Gabriel Abensour


Apart from majority rule, freedom of expression, and the basic principle of separation of powers, without which democracy could unquestionably not exist, there are other values that enjoy broad consensus, including equality, human dignity, human freedom, human life, the illegitimacy of racism, and more. Over the years, the degree to which the Israeli public accepts these values has been measured through questions about whether the values are perceived as important, and with attention to the implications of embracing or rejecting them. For example, questions about the willingness to “allocate to the Arabs identical budgets to those received by Jews,” formulated in various ways, examine the degree to which equality has been recognized as a value and the degree to which racism has been invalidated; questions assessing trust in governmental institutions, as well as questions about the desire for a “strong leader,” can illuminate respondent attitudes toward the separation of powers, and so forth. If my description of matters is accepted as plausible, we may conclude that Israeli democracy has core values and that attitudes toward those values can be measured.36

Civil equality between Jews and Arabs

A look at Masorti views on issues pertaining to the Arab sector shows that those views are often in line with the Jewish-Israeli average. Thus, 64.5% of Masortim say they accept Arab citizens as full members of Israeli society (the general-Jewish average is 63%). Fifty-eight percent agree that there should be equal individual rights, equal governmental budgets, and equal educational and employment opportunities between Arab and Jewish citizens.

It should be noted that the only group in Israel that champions civil equality to a more significant degree than the Masortim are the secular. When we examine the data with a view toward distinguishing between “non-religious Masortim” and “religious Masortim,” we find that the data for the former are nearly identical to those for the secular.37 Also, Masortim tend not to hold essentialist or racist views on the differences between Jews and Arabs. Thus, when questioned about whether most Jews are better than most Arabs because they were born Jews, 27% of Masortim responded in the affirmative, versus 46% of the Datiim and 64% of the Haredim;38 this means that in Israel there is a clear correlation between opposition to civil equality and religious conservatism, though the Masorti support for equality proves that such support does not derive solely from a universalist stance. As we shall see below, the Masorti-not-so-religious also identify with particularist and nationalist views, without those views compromising their commitment to civil equality.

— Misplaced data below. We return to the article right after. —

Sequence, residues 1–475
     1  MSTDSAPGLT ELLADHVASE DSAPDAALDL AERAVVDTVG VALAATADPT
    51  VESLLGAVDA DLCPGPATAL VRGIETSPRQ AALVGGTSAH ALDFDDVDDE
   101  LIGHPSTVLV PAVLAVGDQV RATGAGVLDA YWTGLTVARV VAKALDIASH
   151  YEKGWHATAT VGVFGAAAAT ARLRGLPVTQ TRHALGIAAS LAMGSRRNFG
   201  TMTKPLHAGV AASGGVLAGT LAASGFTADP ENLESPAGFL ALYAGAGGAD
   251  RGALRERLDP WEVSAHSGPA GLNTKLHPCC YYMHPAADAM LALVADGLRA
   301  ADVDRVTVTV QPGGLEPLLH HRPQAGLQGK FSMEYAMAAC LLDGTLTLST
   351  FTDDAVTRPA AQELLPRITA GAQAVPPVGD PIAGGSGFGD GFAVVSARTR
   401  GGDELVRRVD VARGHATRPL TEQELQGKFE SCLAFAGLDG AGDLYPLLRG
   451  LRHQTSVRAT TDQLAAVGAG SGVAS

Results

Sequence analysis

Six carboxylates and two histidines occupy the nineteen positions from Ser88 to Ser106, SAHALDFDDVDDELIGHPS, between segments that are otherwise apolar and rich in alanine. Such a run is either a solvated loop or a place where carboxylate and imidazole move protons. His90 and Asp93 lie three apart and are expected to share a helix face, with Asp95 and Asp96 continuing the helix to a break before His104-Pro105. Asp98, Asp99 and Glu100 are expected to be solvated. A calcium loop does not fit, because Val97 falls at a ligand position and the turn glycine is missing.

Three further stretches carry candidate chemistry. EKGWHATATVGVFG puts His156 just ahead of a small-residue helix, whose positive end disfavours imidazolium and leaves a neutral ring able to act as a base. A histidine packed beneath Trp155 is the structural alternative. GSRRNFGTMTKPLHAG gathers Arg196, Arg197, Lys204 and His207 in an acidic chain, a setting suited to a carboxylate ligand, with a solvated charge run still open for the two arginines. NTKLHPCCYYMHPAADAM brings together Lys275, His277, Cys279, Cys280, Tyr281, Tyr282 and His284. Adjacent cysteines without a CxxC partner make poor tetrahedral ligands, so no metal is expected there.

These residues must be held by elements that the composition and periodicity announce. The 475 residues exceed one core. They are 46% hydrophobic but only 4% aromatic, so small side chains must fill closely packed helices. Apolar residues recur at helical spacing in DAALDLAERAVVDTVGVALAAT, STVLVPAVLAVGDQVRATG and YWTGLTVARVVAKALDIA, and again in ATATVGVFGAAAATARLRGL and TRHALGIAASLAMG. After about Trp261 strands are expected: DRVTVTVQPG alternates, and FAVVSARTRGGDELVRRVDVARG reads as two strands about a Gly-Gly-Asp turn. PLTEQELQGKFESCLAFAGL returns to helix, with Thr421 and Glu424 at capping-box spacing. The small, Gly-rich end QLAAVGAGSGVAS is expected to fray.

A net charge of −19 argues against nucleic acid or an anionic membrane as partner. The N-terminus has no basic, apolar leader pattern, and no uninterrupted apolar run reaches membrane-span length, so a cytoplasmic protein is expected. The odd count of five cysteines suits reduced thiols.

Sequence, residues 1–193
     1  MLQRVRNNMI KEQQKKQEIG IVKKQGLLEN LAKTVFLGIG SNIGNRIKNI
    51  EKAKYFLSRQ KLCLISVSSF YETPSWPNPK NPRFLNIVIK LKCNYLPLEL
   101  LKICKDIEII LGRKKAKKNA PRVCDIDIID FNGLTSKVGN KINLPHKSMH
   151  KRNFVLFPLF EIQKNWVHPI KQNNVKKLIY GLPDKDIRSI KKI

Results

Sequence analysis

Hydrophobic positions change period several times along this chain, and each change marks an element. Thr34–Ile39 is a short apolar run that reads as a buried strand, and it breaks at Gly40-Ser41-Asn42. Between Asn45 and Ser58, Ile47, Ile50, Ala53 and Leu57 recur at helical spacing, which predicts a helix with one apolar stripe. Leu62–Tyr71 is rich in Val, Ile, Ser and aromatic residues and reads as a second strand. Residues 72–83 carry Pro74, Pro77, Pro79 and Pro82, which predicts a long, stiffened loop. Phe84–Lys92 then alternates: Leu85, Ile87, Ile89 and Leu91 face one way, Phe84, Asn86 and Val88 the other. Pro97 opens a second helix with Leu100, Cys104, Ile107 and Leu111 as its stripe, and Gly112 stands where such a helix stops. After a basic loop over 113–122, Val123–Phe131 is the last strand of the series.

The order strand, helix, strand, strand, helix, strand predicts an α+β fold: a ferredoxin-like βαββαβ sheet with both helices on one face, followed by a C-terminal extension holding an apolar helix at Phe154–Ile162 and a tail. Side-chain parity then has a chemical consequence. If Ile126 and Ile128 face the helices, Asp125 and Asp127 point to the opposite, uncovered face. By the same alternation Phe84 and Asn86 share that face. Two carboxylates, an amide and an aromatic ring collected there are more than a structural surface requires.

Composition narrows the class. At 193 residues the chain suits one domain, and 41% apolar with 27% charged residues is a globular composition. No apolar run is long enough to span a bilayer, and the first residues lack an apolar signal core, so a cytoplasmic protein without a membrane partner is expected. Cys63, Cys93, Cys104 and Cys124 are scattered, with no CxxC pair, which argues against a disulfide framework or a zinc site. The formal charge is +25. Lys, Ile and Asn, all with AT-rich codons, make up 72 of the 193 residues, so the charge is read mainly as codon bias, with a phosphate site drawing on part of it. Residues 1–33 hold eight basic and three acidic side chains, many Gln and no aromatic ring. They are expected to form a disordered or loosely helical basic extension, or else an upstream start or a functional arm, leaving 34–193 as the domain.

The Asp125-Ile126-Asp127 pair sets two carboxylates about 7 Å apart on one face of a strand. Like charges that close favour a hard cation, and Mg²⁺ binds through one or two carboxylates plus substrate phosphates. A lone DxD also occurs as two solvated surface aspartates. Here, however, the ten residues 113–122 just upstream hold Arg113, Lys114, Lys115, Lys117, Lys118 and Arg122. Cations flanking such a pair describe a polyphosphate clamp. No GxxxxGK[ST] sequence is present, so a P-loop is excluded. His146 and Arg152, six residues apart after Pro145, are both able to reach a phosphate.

The Nation-State Law and the principle of equality

The 2018 Nation-State Law has led to intra-Masorti polarization. We may say, roughly, that most of the secular supported annulling the law or adding to it an equality provision (68%), while most of the Datiim (56%) and the Haredim (68%) supported changing it to strengthen the Jewish character of the state. However, the Masortim were more divided. Thirty-eight percent supported annulling the law or adding an equality provision to it, versus 40% who supported changing the law to strengthen the state’s Jewish character.39